What is a Call Number and how does it work?


Materials in a library are assigned and organized by their Call Numbers, which are determined by their subject and disciplinary focus. Sciences, for example, is assigned the letter Q. Fiction is assigned POP and the last name initial of the author.

These Call Numbers are unique, and they are be placed on the spine of a book.  The Call Number of a book can be determined by searching the library’s online catalogue.  Call Numbers are the means by which books may be located on the library shelves.  The Petroleum Institute Library, as many other academic libraries, uses the Library of Congress Classification, which are a series of letters and numbers.  For example you are looking for this book:

Nanotechnology for Environmental Decontamination

Call Number: TD192 .N36 2011 V.2

At first, these call numbers appear very confusing.  There is, however, a simple logic to how they work.  This can best be explained by breaking the call number up into parts.

The first part is the leading letters, in this case: TD TD192 .N36 2011 V.2 These leading letters are the primary means of organization, and they are in alphabetical order.  That is, all call numbers starting with A will come before all call numbers beginning with B, and those will come before C, those before D, and so on through to Z.  That means that T call numbers will come before TA call numbers, and those will come before TD call numbers, and again through to TZ call numbers, which will come before any Z call numbers.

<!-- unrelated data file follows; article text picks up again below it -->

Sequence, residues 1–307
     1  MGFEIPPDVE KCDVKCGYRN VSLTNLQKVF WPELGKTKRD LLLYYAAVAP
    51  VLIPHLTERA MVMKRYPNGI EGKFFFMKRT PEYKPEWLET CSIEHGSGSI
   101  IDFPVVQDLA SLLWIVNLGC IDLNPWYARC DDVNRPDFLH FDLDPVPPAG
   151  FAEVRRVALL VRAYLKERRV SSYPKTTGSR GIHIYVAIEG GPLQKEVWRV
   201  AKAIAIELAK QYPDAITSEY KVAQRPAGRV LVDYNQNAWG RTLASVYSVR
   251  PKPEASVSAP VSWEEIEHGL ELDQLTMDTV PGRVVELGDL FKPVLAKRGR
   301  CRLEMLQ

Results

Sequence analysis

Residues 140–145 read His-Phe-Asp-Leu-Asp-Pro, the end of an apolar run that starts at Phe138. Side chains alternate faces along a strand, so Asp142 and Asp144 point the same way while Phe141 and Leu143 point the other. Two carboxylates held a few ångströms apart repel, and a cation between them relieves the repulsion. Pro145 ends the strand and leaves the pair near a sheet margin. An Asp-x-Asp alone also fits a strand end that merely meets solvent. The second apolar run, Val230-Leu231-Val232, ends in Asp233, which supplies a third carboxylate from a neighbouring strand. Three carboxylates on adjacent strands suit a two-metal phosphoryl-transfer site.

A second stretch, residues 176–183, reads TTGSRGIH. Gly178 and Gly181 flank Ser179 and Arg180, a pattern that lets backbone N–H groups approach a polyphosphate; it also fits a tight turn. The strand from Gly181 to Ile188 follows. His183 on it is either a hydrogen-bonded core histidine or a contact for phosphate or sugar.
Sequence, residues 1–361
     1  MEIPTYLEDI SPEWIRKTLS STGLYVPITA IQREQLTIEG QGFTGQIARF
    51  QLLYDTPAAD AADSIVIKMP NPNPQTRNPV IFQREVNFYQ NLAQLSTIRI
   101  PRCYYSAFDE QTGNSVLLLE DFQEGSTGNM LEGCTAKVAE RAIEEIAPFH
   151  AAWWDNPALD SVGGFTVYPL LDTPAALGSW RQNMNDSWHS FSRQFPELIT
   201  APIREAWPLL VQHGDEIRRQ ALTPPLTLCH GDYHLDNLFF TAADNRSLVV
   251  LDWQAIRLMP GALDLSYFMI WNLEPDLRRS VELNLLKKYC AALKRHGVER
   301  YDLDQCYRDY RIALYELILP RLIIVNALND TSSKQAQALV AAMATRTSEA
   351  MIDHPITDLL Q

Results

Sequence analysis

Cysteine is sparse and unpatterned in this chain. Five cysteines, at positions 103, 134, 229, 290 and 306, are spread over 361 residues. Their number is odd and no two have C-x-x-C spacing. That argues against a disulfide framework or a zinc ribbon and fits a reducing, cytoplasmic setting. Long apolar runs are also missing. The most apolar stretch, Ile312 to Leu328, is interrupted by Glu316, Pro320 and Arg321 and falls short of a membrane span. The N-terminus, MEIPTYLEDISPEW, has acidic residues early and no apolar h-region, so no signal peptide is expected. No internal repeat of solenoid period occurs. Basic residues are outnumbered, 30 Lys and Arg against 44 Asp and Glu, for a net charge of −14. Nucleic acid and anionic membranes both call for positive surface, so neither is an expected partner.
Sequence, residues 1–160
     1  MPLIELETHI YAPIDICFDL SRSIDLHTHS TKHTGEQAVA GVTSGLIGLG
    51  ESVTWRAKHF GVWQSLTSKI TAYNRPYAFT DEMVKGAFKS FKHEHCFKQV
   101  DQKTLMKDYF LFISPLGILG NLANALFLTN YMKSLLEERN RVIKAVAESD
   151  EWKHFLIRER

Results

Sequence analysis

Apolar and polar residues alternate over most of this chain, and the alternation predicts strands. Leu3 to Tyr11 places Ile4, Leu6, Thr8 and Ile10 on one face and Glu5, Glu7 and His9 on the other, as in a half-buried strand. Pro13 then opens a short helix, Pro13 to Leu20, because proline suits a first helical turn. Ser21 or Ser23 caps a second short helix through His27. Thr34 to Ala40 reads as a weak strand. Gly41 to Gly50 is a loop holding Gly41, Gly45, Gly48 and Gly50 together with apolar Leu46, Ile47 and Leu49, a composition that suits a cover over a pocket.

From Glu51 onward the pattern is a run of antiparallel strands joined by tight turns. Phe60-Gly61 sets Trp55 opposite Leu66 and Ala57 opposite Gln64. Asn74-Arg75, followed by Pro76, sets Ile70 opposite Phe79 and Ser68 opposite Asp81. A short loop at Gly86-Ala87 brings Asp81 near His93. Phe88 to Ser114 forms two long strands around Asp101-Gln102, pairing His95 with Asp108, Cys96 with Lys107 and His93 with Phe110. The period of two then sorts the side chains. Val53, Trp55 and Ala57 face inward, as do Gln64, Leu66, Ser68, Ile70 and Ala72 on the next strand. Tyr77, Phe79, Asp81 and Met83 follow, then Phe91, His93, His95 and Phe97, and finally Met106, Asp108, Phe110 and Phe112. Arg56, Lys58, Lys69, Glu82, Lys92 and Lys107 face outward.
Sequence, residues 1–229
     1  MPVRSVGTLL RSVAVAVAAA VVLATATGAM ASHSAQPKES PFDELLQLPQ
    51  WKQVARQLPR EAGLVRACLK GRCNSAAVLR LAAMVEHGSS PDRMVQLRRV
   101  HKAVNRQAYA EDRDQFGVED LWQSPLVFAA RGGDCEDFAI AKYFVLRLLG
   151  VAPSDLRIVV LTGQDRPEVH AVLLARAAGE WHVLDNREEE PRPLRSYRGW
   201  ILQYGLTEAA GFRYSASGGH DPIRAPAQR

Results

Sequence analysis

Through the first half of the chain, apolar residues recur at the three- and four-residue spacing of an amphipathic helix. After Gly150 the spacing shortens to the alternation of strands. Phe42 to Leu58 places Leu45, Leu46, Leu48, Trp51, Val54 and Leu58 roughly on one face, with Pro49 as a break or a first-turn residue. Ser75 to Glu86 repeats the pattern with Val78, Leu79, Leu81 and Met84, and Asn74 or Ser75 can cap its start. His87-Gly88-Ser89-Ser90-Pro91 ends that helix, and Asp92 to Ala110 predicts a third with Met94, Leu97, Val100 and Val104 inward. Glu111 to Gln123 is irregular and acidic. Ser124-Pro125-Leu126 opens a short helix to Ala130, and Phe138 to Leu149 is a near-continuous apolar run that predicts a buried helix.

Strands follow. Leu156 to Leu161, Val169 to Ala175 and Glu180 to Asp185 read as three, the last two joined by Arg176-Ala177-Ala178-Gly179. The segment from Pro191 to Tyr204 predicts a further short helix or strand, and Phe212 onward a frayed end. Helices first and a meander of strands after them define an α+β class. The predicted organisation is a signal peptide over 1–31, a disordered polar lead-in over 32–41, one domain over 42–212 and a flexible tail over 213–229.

The second part of the call number is the first series of numbers, in this case: 192 TD192 .N36 2011 V.2 These numbers work just like regular numbers, and are organized in numerical order within the confines of the above mentioned alphabetical order.  That is, TD 1 will come before TD 2, which will come before TD 192. 

The third part of the call number is the secondary letter (or letters), in this case:  N TD192 .N36 2011 V.2 This, again, is in alphabetical order so TD 192 A would come before TD 192 AR and that would come before TD 192 B.

The fourth part of a call number is the second set of numbers, in this case: 36 TD192 .N36 2011 V.2 This number behaves like a decimal number.  Therefore any one of these number starting with a 3  will come before any of these numbers starting with a 4.  For example, TD192 .N36 will come before TD192 .N3654 , which will come before TD192 .N36996 . 

The next part of the call number is the year, in this case: 2011 TD192 .N36 2011 V.2 
Years are listed in numerical order so TD192 .N36 2011 will come before TD192 .N36 2015. 
Years will rarely come into play, unless you are looking for a specific or newer edition of a resource.

The last part of a call number is the volume number, in this case: V.2 TD192 .N36 2011 V.2. This number denotes the volume number of multi-volume works.  Not all books will have a volume number. 
Volumes are organized in ascending order.  V.1 before V.2, etc. 

Some books will also have a copy number, denoted by C.#.  This indicates that the library has more than one copy of the same book e.g C.2 is a second copy. 

For Further information check this LibGuide


  • Last Updated Dec 24, 2017
  • Views 38
  • Answered By Asmaa Assim

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